Extended Producer Responsibility on textiles effective in the Netherlands
August 01, 2023
The textile industry is one of the most polluting industries in the world, accounting for, amongst others, staggering amounts of waste, environmental pollution, and resource depletion. Aiming to significantly reduce the sector’s ecological footprint, incentivise eco-conscious practices, and encourage sustainable innovation the Dutch government introduced Extended Producer Responsibility (EPR) regulation for textiles. The legislation is effective since July 1st 2023, and introduced under new regulations for waste management, recycling, and reuse of textile products, and makes manufacturers and retailers responsible for actively participating in the end-of-life management of their products.
With the introduction of the EPR, the Dutch government aims to recycle 50% of the Dutch market's release by 2025. By 2030, this should even be increased to 75%. Currently, only 35% of all textiles are being recycled.
Manufacturer's and retailer's responsibility for the entire lifecycle of their products
Extended Producer Responsibility (EPR) puts the producers and importers of products in charge of the entire cycle of their goods, including end of life stage. In this way, companies are encouraged to reuse or recycle materials and provide a large proportion of secondary raw materials for sustainable production.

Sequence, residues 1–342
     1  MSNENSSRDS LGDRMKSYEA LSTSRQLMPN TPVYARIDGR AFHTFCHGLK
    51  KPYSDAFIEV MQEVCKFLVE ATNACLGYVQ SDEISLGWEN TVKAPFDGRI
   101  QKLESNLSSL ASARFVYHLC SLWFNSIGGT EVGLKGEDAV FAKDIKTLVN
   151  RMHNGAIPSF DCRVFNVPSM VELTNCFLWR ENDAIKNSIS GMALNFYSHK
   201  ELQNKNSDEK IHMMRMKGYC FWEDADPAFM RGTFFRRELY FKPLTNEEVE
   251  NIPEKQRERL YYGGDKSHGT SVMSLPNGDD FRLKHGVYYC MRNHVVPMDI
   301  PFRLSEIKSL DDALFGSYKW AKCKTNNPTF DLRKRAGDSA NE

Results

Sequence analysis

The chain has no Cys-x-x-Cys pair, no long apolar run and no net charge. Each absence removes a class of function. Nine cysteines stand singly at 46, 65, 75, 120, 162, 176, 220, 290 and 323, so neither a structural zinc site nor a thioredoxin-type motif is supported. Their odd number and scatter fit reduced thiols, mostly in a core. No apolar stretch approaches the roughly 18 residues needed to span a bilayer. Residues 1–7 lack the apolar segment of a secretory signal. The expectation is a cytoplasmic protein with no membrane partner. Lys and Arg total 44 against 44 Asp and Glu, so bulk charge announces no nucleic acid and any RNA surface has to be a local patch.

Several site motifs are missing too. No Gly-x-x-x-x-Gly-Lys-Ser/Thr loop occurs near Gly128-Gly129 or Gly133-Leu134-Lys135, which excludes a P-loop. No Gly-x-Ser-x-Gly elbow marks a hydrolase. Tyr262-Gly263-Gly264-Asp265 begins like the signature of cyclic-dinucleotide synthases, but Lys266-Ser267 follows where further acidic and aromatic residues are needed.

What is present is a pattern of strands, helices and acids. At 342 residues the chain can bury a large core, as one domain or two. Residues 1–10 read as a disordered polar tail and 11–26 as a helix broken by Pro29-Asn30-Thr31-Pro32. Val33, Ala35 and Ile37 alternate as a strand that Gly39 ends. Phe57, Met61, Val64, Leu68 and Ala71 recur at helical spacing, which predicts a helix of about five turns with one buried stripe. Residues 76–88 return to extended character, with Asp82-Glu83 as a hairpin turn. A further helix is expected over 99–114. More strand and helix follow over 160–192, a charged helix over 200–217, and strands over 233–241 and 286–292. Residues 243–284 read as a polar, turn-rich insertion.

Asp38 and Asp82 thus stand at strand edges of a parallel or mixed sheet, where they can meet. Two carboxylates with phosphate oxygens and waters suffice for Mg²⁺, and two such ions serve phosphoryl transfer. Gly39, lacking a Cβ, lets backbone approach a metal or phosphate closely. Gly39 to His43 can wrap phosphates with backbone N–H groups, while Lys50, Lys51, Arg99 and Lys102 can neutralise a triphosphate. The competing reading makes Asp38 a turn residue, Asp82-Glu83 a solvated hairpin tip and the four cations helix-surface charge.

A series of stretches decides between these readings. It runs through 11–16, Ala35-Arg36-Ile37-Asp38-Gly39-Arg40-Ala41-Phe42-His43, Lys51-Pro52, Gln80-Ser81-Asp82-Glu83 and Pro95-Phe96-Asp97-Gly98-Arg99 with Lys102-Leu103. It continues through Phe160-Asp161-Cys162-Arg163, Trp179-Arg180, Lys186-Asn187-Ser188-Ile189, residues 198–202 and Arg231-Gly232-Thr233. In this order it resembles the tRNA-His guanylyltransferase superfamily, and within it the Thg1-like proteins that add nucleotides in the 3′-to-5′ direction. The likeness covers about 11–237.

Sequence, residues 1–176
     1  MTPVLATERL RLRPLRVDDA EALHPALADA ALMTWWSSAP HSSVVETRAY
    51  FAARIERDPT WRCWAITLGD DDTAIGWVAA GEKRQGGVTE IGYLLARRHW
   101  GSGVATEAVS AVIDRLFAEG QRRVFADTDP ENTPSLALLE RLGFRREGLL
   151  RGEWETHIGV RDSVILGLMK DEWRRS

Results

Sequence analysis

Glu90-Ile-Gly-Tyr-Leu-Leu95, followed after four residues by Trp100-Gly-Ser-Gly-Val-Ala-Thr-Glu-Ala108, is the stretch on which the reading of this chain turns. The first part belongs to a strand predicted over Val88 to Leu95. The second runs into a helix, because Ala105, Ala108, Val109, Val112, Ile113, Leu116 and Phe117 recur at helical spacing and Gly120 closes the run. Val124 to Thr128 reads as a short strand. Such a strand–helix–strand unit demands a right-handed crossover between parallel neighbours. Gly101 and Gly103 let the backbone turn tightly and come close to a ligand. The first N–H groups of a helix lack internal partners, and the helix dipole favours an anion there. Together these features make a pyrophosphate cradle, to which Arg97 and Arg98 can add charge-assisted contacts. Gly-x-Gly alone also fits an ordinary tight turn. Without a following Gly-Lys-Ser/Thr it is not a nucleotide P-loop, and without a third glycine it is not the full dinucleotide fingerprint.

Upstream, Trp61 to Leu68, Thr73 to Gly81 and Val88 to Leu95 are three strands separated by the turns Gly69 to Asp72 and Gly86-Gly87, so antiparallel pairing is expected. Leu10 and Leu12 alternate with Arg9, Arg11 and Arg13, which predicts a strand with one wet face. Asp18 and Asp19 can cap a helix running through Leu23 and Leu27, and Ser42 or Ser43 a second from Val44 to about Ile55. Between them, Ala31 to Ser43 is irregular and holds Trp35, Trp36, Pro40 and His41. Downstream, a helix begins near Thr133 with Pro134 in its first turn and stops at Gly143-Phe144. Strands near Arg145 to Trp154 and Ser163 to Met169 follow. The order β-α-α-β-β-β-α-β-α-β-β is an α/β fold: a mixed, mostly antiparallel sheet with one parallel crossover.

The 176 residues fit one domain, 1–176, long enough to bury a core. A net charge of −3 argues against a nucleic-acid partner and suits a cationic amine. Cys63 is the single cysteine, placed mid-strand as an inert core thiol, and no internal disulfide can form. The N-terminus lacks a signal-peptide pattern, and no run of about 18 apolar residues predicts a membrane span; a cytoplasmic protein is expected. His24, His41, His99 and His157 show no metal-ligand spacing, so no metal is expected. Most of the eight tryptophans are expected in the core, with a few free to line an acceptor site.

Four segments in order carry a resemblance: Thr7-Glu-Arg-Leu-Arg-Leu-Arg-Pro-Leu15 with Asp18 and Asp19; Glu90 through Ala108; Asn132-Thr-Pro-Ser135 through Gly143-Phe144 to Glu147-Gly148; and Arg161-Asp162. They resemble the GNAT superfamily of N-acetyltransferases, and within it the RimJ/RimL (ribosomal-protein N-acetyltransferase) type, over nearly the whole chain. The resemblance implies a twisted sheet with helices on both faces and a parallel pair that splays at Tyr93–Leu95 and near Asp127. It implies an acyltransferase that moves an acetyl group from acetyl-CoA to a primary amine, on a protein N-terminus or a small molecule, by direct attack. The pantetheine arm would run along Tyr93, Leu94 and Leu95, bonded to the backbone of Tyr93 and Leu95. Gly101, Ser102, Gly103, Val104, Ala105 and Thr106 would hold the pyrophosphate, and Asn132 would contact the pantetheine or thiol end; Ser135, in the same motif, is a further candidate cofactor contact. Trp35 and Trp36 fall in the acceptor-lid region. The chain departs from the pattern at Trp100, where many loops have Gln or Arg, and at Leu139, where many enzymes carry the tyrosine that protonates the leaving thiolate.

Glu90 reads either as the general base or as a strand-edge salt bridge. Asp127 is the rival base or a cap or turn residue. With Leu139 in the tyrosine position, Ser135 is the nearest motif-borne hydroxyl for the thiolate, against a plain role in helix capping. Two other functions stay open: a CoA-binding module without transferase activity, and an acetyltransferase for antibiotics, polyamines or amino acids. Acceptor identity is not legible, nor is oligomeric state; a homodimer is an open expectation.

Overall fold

The regulation applies to all companies that professionally offer textile products on the Dutch market, whether provided to a company (B2B) or to consumers, such as:
- Label/brand owners who are based in the Netherlands and control their production.
- (Online) retailers from the Netherlands who sell clothing/textiles under their label
- Importers of clothing/textiles to other companies
- Online retailers (based and stocked outside the Netherlands) who supply Dutch consumers (e.g. Amazon retailers).
Photo credits: Lena fashion library
Impact on businesses in the textile and fashion sector
The new regulation will have a big impact on the whole sector and different phases in the value chain, and actors in the sector are urged to educate themselves on the needed actions for their individual situations.
As in the Netherlands, EPR programmes are already in place for electronic waste (e-waste), batteries, car tyres and packaging materials; knowledge and experience from these product groups can be used by the actors in the textile sector.
Under the newly adopted regulation, the following obligations apply:
1. Organisation of an appropriate intake system
Producers must organise an ‘appropriate’ (available all year round and free) collection system for clothing and household textiles they place on the market. A producer organisation is expected to coordinate the collection on behalf of the producers, using the existing collection structure of municipalities (e.g. textile bins) for financial compensation. Currently, half of the textile waste ends up with residual waste and is used as a dressing. It is expected that old textiles can be returned to more locations, such as clothing stores, supermarkets and post offices.